Back to what I call being "agressively opportunistic". Also, you don't just take advantage of openings when sparring, or in badminton. Let me reprhase that. You don't rely on handouts and freebies from your opponents. You determine what are your opponents' weaknesses, and then you use that knowledge to MAKE your own openings.

  5. #39
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    Those things I mentioned actually apply to most sports i suppose.

    'Cept, maybe, for "closed system" games like golf of bowling, where your opponents moves in no way affect your own.

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    Quote Originally Posted by Phil
    Actually, any practice or activity that can be applied to fighting is a martial art. Martial means military. Archery is a martial art. Shooting is a martial art. The Olympics used to be a huge martial arts competition before the addition of such uninteresting events as ballroom dancing, synchronized swimming, badminton, etc.

    I think what most people mean by "martial art" is the leaping, kicking, punching, blocking, etc.

    Phil
    nod, under a martial law, even kicking, punching, clubbing, eye poking, etc are martial art

    on a serious note, having jet li and jacky chan into badminton speak volume about mutual benefit of each discipline.
    Last edited by cooler; 06-30-2005 at 05:11 PM.

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    They are definitely a good mix. I do shotokan Karate. Among the major Karate styles, this one has the widest stance. In Shotokan training, you have to a specific stance for a time. My legs were shaking the first time I trained in Karate! It's very good leg training. In many of their techniques, you are encouraged to lunge as fast as you can. Conclusion: very good footwork training.

  8. #42
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    Question badminton and martial arts

    did anyone notice the similarities between the game and martial arts?

    some of the jumps, slashes, defends resembles kungfu movement and even the smashes / backhand clears mimic the wushu swords play.

    the countries who're currently leading the game are famous for their martial arts. the chinese with various forms of kungfus, the koreans with taekwondo (and other -dos), malaysia & indonesa with the malay /silat martial arts..

    as for the danes.. i guess it must be the viking blood in them.


    can we actually play better game if we get martial art training?
    comments?

  9. #43
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    lol interesting thread, but i seriously thought about this before. all u have to do is picture yourself holding a sword instead of a racket and doing the same thing lol. also there's a bird slicing movement. but perhaps people who really know 武术 will be laughing their asses off at us.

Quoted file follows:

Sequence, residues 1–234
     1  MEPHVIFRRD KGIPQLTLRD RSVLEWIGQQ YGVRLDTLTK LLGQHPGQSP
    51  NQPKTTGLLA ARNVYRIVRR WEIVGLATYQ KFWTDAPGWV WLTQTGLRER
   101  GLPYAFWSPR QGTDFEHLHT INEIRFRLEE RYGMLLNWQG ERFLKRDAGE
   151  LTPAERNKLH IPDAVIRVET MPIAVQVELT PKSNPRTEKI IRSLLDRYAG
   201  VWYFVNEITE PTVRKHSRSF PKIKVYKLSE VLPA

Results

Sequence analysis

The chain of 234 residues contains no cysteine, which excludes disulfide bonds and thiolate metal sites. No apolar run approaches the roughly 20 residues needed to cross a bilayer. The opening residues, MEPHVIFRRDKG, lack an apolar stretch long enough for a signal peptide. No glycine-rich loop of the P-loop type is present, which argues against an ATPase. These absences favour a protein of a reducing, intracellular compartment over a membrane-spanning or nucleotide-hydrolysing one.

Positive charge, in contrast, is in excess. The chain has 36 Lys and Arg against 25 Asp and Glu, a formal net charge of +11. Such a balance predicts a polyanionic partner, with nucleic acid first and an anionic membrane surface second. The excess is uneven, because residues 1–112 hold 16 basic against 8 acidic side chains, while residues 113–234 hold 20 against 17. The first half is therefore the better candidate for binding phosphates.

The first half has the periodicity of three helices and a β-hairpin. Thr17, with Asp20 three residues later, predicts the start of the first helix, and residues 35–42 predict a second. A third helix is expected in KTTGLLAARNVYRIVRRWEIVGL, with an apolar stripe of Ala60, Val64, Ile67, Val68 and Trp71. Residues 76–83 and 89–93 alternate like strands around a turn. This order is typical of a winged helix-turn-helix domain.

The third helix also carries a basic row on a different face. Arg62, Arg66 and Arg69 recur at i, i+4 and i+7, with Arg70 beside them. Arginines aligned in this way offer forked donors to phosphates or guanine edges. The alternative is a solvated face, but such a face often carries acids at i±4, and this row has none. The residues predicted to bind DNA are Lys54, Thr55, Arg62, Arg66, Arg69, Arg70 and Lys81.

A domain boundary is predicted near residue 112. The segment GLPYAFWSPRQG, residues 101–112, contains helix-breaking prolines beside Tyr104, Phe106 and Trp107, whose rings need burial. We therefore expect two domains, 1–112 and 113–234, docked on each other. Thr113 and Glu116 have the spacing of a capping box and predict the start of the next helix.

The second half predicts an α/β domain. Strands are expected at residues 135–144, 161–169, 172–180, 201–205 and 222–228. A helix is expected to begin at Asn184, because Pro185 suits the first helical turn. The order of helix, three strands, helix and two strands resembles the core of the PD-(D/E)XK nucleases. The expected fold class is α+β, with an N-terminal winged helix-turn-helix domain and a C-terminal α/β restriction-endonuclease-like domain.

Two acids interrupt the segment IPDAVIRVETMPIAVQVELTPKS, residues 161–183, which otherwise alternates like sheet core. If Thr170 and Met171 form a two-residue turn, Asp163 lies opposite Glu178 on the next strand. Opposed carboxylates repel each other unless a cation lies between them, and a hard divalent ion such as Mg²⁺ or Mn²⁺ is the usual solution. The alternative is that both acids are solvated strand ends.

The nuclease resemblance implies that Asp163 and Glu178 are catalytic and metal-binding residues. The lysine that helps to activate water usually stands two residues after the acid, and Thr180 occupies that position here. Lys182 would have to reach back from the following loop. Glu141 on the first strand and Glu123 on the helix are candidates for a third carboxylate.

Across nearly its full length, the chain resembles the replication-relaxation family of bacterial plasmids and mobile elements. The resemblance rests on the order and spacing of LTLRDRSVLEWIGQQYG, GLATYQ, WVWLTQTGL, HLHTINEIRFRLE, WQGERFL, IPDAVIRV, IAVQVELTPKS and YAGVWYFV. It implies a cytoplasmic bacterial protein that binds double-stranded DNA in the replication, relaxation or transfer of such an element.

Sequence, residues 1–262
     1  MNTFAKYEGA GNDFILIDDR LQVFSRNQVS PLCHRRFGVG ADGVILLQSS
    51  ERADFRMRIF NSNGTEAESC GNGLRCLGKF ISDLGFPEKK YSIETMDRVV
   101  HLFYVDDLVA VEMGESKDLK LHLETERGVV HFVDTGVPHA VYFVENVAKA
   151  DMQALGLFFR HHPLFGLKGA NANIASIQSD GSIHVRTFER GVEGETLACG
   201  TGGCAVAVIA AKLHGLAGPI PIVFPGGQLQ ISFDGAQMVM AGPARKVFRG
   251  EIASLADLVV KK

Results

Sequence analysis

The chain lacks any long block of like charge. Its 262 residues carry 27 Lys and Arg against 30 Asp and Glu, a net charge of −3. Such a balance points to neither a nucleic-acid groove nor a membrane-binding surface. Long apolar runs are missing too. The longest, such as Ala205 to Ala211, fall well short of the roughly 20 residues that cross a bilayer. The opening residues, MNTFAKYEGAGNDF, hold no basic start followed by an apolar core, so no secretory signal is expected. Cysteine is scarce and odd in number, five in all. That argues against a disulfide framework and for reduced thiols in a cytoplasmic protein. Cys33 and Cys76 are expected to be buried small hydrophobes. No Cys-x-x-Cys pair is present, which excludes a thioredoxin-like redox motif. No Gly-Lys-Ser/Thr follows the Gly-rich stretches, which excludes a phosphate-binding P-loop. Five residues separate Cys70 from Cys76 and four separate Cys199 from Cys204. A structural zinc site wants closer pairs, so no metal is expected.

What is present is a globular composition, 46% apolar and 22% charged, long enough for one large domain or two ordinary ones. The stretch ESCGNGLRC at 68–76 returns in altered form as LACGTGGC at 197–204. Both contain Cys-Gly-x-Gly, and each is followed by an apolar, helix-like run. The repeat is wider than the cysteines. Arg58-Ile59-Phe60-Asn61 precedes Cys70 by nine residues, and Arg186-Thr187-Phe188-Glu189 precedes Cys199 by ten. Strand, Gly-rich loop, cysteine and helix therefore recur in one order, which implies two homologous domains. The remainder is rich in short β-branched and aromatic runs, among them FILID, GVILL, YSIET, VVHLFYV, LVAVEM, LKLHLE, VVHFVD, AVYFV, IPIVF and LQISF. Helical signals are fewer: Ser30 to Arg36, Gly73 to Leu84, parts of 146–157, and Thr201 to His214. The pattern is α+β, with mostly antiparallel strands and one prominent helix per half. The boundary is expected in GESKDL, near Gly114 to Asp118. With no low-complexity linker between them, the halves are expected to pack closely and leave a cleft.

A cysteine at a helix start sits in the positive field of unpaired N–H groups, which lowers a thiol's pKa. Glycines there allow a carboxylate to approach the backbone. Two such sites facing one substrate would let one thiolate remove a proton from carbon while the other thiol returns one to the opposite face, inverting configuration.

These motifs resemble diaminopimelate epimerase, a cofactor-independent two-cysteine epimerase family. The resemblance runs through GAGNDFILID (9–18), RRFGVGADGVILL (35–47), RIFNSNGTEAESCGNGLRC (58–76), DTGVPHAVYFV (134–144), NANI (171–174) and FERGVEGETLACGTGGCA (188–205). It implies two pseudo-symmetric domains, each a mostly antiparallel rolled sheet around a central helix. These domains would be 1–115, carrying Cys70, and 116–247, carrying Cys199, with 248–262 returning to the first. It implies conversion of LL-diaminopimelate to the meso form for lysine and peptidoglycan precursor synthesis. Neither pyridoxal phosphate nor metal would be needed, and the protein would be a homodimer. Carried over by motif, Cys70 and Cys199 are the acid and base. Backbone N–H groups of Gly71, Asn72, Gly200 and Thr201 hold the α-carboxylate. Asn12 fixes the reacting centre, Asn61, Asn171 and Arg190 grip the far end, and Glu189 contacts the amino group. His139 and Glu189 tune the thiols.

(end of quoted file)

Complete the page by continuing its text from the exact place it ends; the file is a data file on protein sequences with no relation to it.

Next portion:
10. #44
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    Quote Originally Posted by carimari
    did anyone notice the similarities between the game and martial arts?

    some of the jumps, slashes, defends resembles kungfu movement and even the smashes / backhand clears mimic the wushu swords play.

    the countries who're currently leading the game are famous for their martial arts. the chinese with various forms of kungfus, the koreans with taekwondo (and other -dos), malaysia & indonesa with the malay /silat martial arts..

    as for the danes.. i guess it must be the viking blood in them.


    can we actually play better game if we get martial art training?
    comments?
    search threads on jet li

    i also made many reference and comparison of martial art to badminton in various discussion

  11. #45
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    Quote Originally Posted by carimari
    can we actually play better game if we get martial art training?
    comments?
    Martial arts are all about mastering the body, with some working on the mind and spirit as well. A definition of Kung Fu would read: "skill developed over time". I think Wushu is the term for actual martial arts.

    In that sense, our badminton is Kung Fu, providing we work on it consistently.

    Also, martial arts help most of our physical capacities, and we have things to gain from each. At the time when I did TaeKwon-Do, I had wicked reflexes, and applied them everywhere (I still tend to catch falling objects with my foot for some reason...).

    Which badminton player wouldn't need better reflexes, stamina, power, form, etc...? If not the art, practice the spirit of Kung Fu.

  12. #46
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    IMO, technically speaking, badminton and martial arts share the common principles:
    - Breathing technique